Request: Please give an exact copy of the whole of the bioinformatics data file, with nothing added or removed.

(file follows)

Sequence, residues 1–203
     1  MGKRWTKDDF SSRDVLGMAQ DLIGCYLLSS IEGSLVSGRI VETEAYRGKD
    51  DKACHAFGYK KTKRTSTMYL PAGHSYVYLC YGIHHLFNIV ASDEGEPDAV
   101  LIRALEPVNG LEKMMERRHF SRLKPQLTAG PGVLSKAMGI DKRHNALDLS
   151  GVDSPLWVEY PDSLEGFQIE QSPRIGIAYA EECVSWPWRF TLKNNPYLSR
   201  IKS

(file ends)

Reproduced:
Sequence, residues 1–203
     1  MGKRWTKDDF SSRDVLGMAQ DLIGCYLLSS IEGSLVSGRI VETEAYRGKD
    51  DKACHAFGYK KTKRTSTMYL PAGHSYVYLC YGIHHLFNIV ASDEGEPDAV
   101  LIRALEPVNG LEKMMERRHF SRLKPQLTAG PGVLSKAMGI DKRHNALDLS
   151  GVDSPLWVEY PDSLEGFQIE QSPRIGIAYA EECVSWPWRF TLKNNPYLSR
   201  IKS